Have you won a `lottery`? Your money may be going to Dawood Ibrahim
Stepping up pressure on underworld don Dawood Ibrahim, the Income Tax officials on Thursday unearthed Rs 100-crore hawala racket in Kolkata, West Bengal.
Kolkata: Stepping up pressure on underworld don Dawood Ibrahim, the Income Tax officials on Thursday unearthed Rs 100-crore hawala racket in Kolkata, West Bengal.
According to Daily Mail, Dawood's D-Company is suspected of having a role in the racket. The 60 sacks of Indian currency seized by the Central Board of Direct Taxes (CBDT) was meant to be transferred to the United Arab Emirates (UAE), said an initial probe.
The raids were conducted on the basis of inputs provided by the Intelligence Bureau (IB). It is estimated that more than Rs 50 crore has already been accounted for.
Daily Mail quoted sources as saying that the modus operandi suggested the money laundering group has ties with Dawood Ibrahim, who is hiding in Pakistan.
“All such money laundering syndicates which route money to UAE or Saudi Arabia have links with D-Company,” said an intelligence official.
Sources further claimed that the money was generated through lottery schemes in Tamil Nadu and West Bengal, and kingpins from the two states are involved in the racket that has links with the underworld.
Not only this, intelligence agencies have zeroed in five businessmen who are said to be the kingpins of the international money laundering syndicate.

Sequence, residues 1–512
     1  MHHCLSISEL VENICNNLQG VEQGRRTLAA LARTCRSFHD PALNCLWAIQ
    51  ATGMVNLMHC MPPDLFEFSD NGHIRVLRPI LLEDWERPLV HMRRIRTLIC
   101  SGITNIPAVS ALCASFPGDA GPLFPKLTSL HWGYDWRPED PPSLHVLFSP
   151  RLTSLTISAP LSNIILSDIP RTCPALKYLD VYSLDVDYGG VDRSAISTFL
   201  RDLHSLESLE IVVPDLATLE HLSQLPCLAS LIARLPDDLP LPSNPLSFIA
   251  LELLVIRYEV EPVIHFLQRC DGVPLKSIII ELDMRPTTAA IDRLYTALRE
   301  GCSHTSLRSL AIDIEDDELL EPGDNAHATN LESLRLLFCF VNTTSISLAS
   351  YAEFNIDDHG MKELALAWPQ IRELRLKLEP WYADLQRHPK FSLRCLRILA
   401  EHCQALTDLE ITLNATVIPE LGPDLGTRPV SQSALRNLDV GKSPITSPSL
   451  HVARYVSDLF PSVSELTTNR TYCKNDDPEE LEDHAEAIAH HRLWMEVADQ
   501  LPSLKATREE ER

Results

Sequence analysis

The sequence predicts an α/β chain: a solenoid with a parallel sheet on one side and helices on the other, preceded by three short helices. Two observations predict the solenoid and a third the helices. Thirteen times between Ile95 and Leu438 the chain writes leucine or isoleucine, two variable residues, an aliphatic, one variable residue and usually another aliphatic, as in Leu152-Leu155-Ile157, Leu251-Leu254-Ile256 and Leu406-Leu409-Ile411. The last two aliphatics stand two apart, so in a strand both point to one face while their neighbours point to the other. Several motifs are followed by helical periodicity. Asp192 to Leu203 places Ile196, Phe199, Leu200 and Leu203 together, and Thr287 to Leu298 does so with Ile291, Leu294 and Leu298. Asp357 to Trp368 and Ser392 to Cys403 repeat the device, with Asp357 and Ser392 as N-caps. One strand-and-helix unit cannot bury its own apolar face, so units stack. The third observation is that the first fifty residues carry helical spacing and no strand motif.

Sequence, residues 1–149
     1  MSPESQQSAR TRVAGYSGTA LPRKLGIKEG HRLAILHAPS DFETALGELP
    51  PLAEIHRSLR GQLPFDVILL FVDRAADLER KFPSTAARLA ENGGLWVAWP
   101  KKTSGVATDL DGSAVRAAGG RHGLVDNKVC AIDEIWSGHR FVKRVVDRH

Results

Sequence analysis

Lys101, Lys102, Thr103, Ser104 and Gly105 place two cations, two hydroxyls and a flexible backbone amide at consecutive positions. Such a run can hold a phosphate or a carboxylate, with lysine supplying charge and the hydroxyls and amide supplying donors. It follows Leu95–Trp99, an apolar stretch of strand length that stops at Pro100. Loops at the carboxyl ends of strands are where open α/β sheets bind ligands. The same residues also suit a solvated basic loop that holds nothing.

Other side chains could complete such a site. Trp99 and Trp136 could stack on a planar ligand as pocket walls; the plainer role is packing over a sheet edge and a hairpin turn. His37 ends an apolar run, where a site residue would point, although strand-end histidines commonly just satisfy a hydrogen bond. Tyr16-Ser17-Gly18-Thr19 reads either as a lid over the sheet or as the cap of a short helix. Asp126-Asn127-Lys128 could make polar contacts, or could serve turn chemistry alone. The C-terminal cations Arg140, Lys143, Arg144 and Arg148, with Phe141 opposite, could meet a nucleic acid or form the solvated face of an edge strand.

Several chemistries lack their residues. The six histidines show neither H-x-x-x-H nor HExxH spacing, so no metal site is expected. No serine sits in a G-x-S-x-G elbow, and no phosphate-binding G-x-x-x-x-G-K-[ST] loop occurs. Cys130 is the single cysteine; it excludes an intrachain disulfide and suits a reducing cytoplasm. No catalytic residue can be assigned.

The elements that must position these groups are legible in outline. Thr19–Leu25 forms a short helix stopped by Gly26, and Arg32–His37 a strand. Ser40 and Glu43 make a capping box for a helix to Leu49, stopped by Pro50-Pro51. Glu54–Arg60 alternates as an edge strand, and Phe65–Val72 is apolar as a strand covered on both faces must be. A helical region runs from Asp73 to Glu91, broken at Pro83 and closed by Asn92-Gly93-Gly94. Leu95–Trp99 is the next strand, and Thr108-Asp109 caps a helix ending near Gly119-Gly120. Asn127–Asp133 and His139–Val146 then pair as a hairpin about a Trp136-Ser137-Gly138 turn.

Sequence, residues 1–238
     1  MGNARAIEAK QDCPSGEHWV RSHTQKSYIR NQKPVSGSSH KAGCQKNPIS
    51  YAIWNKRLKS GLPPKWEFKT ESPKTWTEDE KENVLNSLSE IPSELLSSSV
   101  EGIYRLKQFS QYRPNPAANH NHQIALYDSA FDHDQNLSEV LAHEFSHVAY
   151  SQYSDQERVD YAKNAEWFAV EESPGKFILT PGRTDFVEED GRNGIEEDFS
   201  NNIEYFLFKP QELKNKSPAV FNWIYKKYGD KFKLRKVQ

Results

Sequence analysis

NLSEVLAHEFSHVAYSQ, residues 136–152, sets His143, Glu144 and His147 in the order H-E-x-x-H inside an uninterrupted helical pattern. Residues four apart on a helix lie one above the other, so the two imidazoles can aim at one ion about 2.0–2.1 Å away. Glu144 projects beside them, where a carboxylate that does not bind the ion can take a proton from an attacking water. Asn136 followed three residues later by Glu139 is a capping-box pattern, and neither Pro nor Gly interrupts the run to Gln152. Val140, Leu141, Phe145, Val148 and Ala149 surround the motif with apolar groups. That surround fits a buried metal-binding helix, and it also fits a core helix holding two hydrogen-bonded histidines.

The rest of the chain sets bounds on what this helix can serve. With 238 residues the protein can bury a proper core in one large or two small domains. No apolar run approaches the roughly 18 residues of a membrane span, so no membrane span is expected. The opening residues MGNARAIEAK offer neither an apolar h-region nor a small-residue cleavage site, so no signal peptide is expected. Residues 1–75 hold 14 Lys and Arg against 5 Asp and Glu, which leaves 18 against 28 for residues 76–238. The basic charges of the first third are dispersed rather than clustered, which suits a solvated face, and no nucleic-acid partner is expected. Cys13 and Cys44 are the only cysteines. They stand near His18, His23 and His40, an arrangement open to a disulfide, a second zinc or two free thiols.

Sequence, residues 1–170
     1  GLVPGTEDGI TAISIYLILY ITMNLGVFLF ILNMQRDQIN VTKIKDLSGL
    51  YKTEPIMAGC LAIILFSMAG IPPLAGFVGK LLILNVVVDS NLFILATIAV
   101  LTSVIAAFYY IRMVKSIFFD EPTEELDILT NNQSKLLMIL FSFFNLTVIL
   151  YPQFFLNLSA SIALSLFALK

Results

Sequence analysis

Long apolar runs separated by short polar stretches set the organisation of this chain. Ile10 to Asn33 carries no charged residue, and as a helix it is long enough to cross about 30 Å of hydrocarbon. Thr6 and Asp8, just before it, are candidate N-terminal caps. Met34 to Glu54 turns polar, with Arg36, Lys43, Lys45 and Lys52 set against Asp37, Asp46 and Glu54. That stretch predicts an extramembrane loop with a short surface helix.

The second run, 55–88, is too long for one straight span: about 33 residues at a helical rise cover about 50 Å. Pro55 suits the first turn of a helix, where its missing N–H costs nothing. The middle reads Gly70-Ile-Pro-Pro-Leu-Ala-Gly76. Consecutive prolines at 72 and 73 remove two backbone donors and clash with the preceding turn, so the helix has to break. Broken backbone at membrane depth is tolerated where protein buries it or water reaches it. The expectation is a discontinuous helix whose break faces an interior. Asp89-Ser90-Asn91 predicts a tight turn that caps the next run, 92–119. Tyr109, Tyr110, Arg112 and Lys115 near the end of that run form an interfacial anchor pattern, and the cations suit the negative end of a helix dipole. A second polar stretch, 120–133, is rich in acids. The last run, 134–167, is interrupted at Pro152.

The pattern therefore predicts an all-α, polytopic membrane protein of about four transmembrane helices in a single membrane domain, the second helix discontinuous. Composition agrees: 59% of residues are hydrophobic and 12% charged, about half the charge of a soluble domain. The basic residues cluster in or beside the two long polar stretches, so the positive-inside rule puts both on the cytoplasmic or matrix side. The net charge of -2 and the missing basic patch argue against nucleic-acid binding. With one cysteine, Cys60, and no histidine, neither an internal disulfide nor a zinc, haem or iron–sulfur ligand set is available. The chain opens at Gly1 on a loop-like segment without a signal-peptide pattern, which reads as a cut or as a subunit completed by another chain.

“Their business enterprises are a front for money laundering. Their links in the UAE and D-Company are being investigated. They run small businesses, but the real objective is money laundering,” the intelligence official said.
Sources said the money laundering network is being controlled from Pakistan through fraudulent lottery schemes which dupe people across India.
The IB has submitted a report to the Ministry of Home Affairs (MHA) in which it was said that the swindle is estimated to be over Rs 4,000 crore as the money is routed to Pakistan through hawala channels via Saudi Arabia and the UAE.
The fraudsters, based in Pakistan, ask their Indian agents to trap gullible people by informing them that they have won lotteries. The victims are then provided with a bank account number and asked to deposit processing charges to claim the lottery amount. Once the money is deposited, Indian agents withdraw the amount and send it through hawala to Pakistan via Saudi Arabia and UAE.
A number of companies have been raided on suspicion of being part of the international money laundering gang.
Intelligence agencies have tracked 1,162 bank accounts that have been used by the syndicate.